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Understanding Disease, Part 1
Old ideas die-hard. Great thinkers have, from time to time, come up with “the” unified theory of disease. Here is developed a “partially unified” theory of disease because there is no reason to think at this time that we have all the answers. A hundred years from now, or less, our ideas about medicine will probably be relics for cobwebs. Most people still think Louis Pasteur (1822-1895) was right in saying that germs cause disease. However, even he admitted on his deathbed that he was wrong and that Claude Bernard was right. Bernard (1813-1878) said the body’s tissue, that is, the “terrain,” is all-important. If the body is healthy, diseases will not occur under normal circumstances. A contemporary of Pasteur was Antoine Bechamp (1816-1908).
Bechamp did extensive research and published several papers on his work; however, Pasteur got much of the credit. Bechamp, as did Bernard, recognized the importance of healthy cells in preventing the invasion of pathogenic microorganisms. With his microscope, he could see organisms in a drop of blood, which he called microzymas, change form depending upon the state of the tissue (the body). From this, the word pleormorphism was coined. This infers that microorganisms can indeed change form. His findings have been repeated by many other independent researchers (Gunther Enderlein, 1872-1968; Royal Rife, 1888-1971; Virginia Livingston Wheeler, 1906-1990; Gaston Naessens, 1924-; and others). Bacteria, viruses, and fungi are secondary manifestations of a weakened terrain.
There are researchers who claim that bacteria, or other micro-organisms, appear to be a major factor in many diseases. The public has been informed that stomach ulcers are caused by Helicobacter pylori. Inflammation is now believed to be a major contributor to heart disease. This, along with an associated infection, lead to what is called vulnerable plaque. Indeed, the plaque, which can be seen by standard tests, can be reversed by diet, proper nutrition supplements, exercise, and intravenous chelation. However, the vulnerable plaque can form quickly after some stressor, and lead to a blood clot which can result in a heart attack, stroke, or death quickly. This unstable plaque means we need to look more at the blood itself and not so at much the blood vessels.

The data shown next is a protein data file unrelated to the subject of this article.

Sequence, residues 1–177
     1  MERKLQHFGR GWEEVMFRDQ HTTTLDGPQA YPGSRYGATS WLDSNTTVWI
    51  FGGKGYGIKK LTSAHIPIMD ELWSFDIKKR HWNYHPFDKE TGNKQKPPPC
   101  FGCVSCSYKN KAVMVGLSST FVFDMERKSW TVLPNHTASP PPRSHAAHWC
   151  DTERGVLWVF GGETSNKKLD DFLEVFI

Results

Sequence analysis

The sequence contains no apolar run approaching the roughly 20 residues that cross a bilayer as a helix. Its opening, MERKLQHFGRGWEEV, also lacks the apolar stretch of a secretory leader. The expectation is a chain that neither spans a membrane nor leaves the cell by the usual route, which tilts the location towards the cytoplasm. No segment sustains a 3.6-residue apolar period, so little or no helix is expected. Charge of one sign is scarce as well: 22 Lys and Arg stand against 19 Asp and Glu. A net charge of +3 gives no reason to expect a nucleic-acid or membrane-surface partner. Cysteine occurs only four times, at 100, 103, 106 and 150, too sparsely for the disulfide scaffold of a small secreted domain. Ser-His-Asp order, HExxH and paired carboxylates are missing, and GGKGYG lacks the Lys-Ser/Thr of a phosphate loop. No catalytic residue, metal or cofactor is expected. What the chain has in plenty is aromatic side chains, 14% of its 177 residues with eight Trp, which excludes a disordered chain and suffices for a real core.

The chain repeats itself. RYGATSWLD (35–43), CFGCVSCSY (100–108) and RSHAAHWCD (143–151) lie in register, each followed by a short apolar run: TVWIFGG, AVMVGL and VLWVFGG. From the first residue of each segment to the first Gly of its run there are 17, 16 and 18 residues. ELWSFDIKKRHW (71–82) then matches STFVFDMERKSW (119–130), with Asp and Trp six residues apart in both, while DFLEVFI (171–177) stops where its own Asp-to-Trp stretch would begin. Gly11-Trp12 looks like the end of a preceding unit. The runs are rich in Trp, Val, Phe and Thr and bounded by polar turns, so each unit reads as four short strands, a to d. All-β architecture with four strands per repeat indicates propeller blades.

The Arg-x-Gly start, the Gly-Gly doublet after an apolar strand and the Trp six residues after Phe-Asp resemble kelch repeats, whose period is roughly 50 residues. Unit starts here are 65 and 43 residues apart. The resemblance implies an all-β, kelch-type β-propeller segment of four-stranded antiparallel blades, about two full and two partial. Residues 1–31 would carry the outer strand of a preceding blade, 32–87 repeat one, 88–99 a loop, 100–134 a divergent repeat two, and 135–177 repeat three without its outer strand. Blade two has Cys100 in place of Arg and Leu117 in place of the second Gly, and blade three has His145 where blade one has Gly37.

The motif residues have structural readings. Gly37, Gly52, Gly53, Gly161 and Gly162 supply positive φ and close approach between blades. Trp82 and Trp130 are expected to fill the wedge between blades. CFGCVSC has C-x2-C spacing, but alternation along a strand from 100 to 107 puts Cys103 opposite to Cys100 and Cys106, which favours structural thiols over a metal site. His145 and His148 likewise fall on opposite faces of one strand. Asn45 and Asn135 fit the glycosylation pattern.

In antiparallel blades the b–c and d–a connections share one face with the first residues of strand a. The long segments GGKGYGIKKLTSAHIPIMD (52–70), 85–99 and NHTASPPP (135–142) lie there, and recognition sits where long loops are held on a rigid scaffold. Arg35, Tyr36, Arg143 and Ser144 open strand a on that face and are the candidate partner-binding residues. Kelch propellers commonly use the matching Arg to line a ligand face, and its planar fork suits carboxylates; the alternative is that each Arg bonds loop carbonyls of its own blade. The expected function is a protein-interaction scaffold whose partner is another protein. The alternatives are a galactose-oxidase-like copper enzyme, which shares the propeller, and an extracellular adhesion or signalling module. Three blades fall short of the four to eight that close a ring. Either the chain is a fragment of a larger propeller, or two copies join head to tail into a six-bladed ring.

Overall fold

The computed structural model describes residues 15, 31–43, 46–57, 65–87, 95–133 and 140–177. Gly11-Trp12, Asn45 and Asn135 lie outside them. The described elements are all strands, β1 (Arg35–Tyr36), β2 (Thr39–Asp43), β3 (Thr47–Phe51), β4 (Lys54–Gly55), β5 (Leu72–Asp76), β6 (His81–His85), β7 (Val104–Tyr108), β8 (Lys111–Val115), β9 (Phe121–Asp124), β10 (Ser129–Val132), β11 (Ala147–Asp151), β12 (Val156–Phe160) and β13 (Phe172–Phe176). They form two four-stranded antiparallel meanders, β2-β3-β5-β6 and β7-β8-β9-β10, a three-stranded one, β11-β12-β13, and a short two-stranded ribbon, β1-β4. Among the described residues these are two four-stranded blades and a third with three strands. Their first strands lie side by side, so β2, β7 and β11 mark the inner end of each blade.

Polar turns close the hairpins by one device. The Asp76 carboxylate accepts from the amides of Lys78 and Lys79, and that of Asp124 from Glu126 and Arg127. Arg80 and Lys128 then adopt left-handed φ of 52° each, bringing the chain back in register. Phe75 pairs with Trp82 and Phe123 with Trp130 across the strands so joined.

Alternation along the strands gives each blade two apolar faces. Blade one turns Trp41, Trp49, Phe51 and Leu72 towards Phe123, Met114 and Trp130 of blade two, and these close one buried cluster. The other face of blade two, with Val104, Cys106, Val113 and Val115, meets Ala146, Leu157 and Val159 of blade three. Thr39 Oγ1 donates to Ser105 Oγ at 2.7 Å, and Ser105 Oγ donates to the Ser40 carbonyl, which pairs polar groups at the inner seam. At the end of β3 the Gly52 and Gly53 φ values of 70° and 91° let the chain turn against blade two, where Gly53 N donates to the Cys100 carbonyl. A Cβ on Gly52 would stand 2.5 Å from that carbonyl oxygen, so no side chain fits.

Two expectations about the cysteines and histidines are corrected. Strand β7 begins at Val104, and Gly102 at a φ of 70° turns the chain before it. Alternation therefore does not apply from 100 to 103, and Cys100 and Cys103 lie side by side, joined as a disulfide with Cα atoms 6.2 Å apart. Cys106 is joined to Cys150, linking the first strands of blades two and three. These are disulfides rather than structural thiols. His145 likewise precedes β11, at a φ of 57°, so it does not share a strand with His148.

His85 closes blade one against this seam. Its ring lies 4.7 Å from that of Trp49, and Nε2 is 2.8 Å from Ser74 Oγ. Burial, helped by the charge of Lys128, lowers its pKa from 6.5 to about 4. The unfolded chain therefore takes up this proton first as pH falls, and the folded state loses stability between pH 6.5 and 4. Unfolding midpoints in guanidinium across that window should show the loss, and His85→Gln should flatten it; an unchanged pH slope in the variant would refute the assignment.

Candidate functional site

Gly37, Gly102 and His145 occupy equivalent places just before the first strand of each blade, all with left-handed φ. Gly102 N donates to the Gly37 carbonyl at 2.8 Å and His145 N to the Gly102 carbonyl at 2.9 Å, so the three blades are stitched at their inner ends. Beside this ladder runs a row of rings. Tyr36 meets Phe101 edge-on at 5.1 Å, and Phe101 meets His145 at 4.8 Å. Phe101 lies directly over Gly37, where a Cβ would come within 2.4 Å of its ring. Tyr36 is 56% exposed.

Associated with this vulnerable plaque are bacteria or other microorganisms (parasites, viruses, yeast, mold). Thus, treatment, it is believed, must key in on treating the invading bacteria as well as on inflammatory processes. We still kick around what causes AIDS. There is no real hard evidence anywhere, which shows that HIV (the virus) causes AIDS. For an invader to be classified as causing a disease, the time-honored and proven Koch’s Postulates and Farr’s Law (not detailed here) has to be met. HIV has failed these tests. The same goes for the so-called “slow viruses” idea. The public got real scared about the Ebola virus. It was first announced that the Ebola virus, which killed 245 people in West Africa was over.
Are vaccines the answer? Or was this merely a stage we have gone through as we coped with normal disease cycles (and then they mostly missed the peak of the cycle)? Deaths of children under age 15 due to scarlet fever, diphtheria, whooping cough, and measles declined 90 percent from 1850 to 1940. Antibiotics and so-called compulsory vaccinations did not start until about 1940. A doctor at the Center for Disease Control admitted that almost every case of polio in the United States between 1980 and 1994 was caused by or related to the oral vaccine itself. Allergic reactions originate with some initial challenge, which the body is not geared to cope with. It is thought that molecules below a certain size (around 20,000) cannot elicit allergic reactions, and protein type substances are often implicated.
That some people seem to overcome their allergies by cleansing and correcting their diet seems to imply that allergies may be at least sometimes related to toxic overburdens. However, there is at least one more mechanism, which the body uses as a reaction to toxic challenges; that is covered in the next paragraph. As the final background before we pull together some kind of a unified theory of disease, we need to study closely the works of Dr. Royal Lee (1895-1967). Why has this humble man, a dentist by medical training, been obscured? Many patents in engineering and in the health field are from him. Dr. Lee studied what happens when unnatural forces stress body tissues, and how it reacts to this. He found that certain cellular structures, which he called “natural killer antibodies” came about as a result of these stressors.
Indeed he noted that the body was attacking itself. He called this idea protomorphology. This was in the 1940’s. Now we call this autoimmune disease. Autoimmunity is not a result of an overburdened immune system but a reaction to bad cellular debris. Dr. Lee listed major contributing causes of the autoimmune process as starvation of the organ, poison, toxicity, xenobiotics (unnatural foreign substances), carcinogens, infection, dehydration, hormone imbalances, and drug actions. He noted that many common bacteria live best in slightly alkaline conditions so said a body, which is too alkaline, could also cause autoimmune problems. This is an interesting statement when others insist that acidity is the cause of disease.